If you want quiet, private meeting spaces, book those in advance so you have somewhere to chat. No one likes to be pitched whilst they are lining up for the cash machine or toilet in lieu of a meeting.

Want to promote your startup? 

Wear a company T-shirt or at least a badge. 

If you're a bit more introverted, you can still network on the low by being active on social media (usually Twitter) during the conference. Use the right #hashtag; ours is #TechEU23

You can talk about stuff besides tech 

We all love tech. But I award bonus points to anyone who talks about something besides their business. 

If you can't afford a ticket

Ask nicely if anyone has a spare or a discount. 

That said, I often advocate that in lieu of attending a very large annual European tech conference, you opt for a week in town filled with strategic meetings and side events. Done right, you can kill it. 

Side events are key

Never underestimate the power of hosting or attending a good side event. Everyone likes a chance to unwind, and people are more likely to be open to a chat with a beverage in hand. 

Hosting side events on a budget

  • Even if you aren't in an official program, everyone always asks what to do after the conference (or the official after-party). 
  • Find out who the organised people are and ask them to spread the word in their What's App groups. People go to parties when they know other people they know are going. 
  • If everywhere is booked out, be creative. Beer by a lake or a park? Beers on a boat? Your bigger startup friend’s office? Go for it. (Bonus points if there are some drinks besides beer).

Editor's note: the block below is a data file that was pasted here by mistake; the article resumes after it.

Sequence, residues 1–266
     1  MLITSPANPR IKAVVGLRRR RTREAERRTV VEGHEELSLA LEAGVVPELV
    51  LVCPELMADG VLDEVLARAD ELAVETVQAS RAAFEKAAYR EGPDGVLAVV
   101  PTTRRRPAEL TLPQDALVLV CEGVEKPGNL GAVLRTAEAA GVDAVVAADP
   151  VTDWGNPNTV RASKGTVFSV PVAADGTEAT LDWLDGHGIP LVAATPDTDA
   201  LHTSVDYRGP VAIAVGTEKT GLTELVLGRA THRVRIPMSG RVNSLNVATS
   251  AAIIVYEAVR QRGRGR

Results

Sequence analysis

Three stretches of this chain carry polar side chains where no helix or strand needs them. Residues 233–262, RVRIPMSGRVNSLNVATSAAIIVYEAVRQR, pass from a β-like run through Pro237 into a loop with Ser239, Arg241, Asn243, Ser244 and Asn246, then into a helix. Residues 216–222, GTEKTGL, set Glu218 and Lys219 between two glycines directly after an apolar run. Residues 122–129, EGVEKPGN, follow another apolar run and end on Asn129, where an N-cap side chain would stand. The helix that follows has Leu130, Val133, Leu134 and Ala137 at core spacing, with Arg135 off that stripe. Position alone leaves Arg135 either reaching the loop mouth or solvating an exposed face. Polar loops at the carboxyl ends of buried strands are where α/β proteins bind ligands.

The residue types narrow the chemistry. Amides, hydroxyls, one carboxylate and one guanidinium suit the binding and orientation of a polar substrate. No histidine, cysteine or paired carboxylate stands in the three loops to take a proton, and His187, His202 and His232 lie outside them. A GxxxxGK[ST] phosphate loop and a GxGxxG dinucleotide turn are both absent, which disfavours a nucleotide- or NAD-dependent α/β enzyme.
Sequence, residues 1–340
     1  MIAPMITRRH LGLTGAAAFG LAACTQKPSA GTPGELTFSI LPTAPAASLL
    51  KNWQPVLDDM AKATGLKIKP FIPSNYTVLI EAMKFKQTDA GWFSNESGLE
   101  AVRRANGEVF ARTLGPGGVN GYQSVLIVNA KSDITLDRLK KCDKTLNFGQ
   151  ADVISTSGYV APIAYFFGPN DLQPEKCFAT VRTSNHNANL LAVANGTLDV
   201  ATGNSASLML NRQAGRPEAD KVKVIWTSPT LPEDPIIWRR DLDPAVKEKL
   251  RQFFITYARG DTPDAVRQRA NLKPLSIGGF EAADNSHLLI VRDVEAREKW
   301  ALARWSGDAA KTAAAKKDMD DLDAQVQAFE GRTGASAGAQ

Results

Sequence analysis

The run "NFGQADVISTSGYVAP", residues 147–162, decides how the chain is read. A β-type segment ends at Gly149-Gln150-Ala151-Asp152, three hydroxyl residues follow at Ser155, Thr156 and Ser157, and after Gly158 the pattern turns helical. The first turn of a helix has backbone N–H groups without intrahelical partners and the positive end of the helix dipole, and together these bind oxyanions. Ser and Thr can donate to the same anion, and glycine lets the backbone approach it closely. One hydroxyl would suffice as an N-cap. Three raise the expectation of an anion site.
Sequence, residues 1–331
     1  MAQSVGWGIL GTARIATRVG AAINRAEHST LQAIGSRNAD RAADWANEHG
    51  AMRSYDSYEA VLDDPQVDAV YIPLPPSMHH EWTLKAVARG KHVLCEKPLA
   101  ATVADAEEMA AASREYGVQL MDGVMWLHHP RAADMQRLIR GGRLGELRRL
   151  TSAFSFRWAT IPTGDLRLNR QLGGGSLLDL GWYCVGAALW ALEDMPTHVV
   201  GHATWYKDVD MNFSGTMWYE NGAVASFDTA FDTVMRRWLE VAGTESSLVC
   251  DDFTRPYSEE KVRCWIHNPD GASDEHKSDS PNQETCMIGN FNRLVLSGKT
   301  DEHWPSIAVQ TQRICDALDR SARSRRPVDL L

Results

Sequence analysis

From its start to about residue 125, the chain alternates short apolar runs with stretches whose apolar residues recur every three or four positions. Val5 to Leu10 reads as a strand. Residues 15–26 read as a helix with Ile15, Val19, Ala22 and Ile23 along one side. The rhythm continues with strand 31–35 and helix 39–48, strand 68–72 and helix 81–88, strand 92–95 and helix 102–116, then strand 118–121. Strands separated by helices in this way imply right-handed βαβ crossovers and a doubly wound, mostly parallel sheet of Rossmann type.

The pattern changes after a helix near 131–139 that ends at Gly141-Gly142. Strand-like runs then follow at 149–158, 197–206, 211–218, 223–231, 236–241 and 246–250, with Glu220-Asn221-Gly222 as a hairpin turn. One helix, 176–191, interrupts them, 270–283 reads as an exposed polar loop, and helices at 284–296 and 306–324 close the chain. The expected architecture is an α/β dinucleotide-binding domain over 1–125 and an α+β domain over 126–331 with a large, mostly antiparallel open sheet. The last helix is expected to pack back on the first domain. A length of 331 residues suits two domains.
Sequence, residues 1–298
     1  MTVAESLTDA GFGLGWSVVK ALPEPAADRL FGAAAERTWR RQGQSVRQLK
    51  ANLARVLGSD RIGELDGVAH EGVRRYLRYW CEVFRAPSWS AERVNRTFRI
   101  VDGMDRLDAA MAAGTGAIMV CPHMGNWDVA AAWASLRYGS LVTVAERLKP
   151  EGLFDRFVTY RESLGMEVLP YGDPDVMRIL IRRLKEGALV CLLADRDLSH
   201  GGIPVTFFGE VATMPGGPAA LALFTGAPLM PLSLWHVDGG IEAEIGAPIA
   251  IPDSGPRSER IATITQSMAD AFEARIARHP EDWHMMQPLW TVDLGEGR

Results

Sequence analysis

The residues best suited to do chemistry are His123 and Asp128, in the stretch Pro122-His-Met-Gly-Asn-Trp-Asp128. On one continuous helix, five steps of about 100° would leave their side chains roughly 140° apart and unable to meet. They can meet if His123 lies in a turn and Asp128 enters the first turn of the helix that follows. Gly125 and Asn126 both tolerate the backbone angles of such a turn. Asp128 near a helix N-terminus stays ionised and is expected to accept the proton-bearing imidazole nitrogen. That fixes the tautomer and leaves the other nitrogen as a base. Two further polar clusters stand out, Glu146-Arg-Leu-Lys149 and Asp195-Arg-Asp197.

• If you’re on a budget, a smaller or shorter event is also a great option. Plenty of people will prefer chilled conversation over wild partying. Use words like ‘curated’ and ‘select’. 

General survival tips

At the risk of sounding like a parent (which I’m not unless you count my cat), give yourself plenty of breaks, drink at least as much water as booze, and try get a decent amount of sleep. Being around people can be tiring, even though it's fun. 

Always be charging: laptop, earbuds, phone. 

Bring your kit

Every seasoned conference-goer has a kit of things that make conference season a bit easier. Mine includes earplugs, painkillers, allergy and cold and flu tablets, and hangover remedies. It sucks being sick when you’re travelling, but it happens. Oh, and nail clippers, hang nails are so distracting. 

Oh yeah, bring your hand sanitiser. People are gross. 

Wanna be a speaker?

Be prepared to apply well in advance. Most conferences schedule at least six months prior to the event.

Find out the application process, and don’t bug people who have nothing to do with the decision-making. 

Follow up

You met a tonne of great people. Don’t just add them to LinkedIn or Twitter.  

  • Extend the conversation beyond reminding them how great your startup is. 
  • Send them a movie recommendation if you were talking about movies. 
  • Offer to introduce them to someone they might be interested in meeting. 
  • Invite them to have coffee next time they are in your home town. 
  • See if there are any other events you are both attending — you need to meet someone more than once to build a true rapport.

The last piece of advice is to go with the flow. Lean in, talk to people, eat bad food, and always so yes to karaoke. We have the best job in world.